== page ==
Growing up in Nigeria, Uzoma Orchingwa ’14 witnessed poverty—lots of it. After moving to the U.S. in third grade, he began to understand how poverty can contribute to a life of crime. This realization has inspired him to find ways to make systemic changes that would break the cycle of incarceration. His vision led him to receive one of 62 highly selective 2013 Truman Scholarships from the Harry S. Truman Scholarship Foundation.

Orchingwa plans to apply the scholarship, which will be as much as $30,000, to law school. “I feel like the law is basically the epicenter of everything,” he said. He would like to work for an organization that uses lawyers to litigate or lobby for change—to use the law to change the criminal justice system. Ultimately, he is considering a career in politics, which he says would give him a platform to speak directly to the American people in hopes of galvanizing their efforts toward economic and social equality and moral growth.

Above all, he wants to be a “change agent.”

At the heart of his quest for change is his belief that poverty is often at the root of incarceration, that U.S. prisons are violent and unnecessarily overcrowded, and the money that goes into incarceration could be used to combat one of the key things that drives people to crime—poverty. “We need to try to address the problems that lead to [crime],” he said.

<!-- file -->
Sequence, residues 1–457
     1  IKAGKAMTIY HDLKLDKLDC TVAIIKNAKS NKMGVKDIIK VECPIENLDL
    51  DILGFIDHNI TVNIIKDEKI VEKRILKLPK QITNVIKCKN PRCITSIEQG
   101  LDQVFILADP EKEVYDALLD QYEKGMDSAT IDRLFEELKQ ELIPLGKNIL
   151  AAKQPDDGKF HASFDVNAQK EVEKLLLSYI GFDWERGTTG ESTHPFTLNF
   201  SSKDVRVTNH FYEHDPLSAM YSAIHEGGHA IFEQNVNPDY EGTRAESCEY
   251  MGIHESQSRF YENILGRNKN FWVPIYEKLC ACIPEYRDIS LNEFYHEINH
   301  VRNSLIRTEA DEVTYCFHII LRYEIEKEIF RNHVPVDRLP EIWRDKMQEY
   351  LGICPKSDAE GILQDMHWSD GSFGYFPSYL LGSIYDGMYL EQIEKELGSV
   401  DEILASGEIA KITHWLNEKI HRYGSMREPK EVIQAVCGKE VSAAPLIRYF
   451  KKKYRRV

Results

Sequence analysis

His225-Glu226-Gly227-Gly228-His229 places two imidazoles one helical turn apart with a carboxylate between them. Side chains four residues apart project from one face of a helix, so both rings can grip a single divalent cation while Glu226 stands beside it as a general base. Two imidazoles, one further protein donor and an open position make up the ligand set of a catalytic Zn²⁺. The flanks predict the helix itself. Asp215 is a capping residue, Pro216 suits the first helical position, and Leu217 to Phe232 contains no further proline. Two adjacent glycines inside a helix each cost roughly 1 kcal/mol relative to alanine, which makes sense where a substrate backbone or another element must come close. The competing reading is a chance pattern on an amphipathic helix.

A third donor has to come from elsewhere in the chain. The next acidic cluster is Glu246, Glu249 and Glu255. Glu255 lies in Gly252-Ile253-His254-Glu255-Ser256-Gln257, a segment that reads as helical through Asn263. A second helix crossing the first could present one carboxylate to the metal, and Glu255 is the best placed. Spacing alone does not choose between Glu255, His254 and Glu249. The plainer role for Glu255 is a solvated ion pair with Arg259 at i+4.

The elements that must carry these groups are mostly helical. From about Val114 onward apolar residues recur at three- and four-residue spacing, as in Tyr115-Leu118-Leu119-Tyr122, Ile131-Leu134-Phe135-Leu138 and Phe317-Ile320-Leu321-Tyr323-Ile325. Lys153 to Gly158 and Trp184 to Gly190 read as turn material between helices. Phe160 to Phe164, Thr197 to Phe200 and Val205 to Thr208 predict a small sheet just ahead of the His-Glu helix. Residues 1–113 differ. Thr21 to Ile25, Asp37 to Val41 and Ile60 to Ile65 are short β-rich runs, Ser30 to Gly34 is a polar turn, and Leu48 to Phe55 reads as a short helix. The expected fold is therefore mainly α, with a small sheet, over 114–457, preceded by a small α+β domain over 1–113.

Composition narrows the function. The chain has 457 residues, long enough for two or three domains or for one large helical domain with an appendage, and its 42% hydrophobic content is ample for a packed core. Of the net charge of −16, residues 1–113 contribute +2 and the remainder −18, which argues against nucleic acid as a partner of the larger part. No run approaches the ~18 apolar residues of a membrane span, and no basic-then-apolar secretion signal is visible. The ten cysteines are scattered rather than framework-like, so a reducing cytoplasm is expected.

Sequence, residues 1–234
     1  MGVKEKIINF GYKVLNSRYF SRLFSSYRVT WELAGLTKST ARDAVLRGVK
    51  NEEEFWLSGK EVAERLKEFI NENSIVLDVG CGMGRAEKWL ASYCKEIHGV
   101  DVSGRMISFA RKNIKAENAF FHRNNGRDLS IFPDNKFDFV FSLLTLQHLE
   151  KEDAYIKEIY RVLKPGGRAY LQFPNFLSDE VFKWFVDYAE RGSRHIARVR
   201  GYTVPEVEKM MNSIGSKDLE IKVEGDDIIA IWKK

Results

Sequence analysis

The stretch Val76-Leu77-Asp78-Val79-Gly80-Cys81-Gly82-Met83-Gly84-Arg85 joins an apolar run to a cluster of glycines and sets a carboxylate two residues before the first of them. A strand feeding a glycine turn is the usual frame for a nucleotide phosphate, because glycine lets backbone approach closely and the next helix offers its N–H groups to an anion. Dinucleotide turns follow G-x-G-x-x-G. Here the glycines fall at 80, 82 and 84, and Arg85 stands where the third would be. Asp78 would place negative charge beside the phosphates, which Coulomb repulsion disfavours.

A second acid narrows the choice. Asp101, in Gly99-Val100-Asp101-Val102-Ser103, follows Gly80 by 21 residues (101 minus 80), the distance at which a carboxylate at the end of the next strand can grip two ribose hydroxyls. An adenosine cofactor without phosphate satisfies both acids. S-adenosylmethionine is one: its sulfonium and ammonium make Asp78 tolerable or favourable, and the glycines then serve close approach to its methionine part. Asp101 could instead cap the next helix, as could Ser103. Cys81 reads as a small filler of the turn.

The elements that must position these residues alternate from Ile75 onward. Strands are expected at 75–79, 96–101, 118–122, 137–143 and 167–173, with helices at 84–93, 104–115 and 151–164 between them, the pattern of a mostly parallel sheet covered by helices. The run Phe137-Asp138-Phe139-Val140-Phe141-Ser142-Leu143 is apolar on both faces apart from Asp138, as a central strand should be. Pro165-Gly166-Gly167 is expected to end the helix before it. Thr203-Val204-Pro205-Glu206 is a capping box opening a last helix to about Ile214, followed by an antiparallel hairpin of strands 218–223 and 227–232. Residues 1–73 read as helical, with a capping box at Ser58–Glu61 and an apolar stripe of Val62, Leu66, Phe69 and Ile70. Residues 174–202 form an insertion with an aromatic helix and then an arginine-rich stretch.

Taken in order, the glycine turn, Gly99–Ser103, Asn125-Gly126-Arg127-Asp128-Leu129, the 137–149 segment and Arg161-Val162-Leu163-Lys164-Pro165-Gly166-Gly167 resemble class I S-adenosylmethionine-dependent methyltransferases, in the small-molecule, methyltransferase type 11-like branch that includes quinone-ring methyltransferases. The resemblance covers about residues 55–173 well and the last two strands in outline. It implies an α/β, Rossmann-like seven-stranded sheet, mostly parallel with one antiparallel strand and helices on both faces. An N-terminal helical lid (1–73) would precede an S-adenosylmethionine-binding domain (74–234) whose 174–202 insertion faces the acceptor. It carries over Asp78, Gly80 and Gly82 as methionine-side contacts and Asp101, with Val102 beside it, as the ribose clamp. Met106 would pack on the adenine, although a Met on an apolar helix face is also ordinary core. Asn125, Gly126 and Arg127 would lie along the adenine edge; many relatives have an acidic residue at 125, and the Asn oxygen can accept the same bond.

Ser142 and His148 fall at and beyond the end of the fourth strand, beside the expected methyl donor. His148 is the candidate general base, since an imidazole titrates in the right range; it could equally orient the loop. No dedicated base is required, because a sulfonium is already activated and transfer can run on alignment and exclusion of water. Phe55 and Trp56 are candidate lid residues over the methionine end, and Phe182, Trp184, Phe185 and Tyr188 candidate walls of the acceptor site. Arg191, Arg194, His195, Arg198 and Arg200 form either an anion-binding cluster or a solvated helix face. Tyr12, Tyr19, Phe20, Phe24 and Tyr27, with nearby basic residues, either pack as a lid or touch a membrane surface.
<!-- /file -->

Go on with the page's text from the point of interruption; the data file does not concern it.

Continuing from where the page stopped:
“Today we have more than 2 million people in our prisons; for every dollar spent on education sixty cents is spent on prisons,” he wrote in his scholarship application. “One out of every 32 Americans is either on parole, probation, or in prison; and we have surpassed China, North Korea, and Russia with the highest incarceration rate in the world. These data reveal the seriousness of this problem.

“I hope to work in organizations like the ACLU to bring this dire reality to light and do all that is in my power to eradicate it.”

Orchingwa challenges the war on drugs and talks about innovative ways to repurpose prisons if they no longer housed nonviolent criminals.

In May Orchingwa will travel to Missouri for a week of leadership training. Beyond the financial award, Truman Scholars receive priority admission and supplemental financial aid at some premier graduate institutions, leadership training, career and graduate school counseling, and special internship opportunities within the federal government. This year, 629 college students applied for the award.

The Truman Scholarship Foundation was established by Congress in 1975 as the federal memorial to the 33rd President of the United States. The foundation awards scholarships for college students to attend graduate school in preparation for careers in government or elsewhere in public service. The activities of the foundation are supported by a special trust fund in the U.S. Treasury.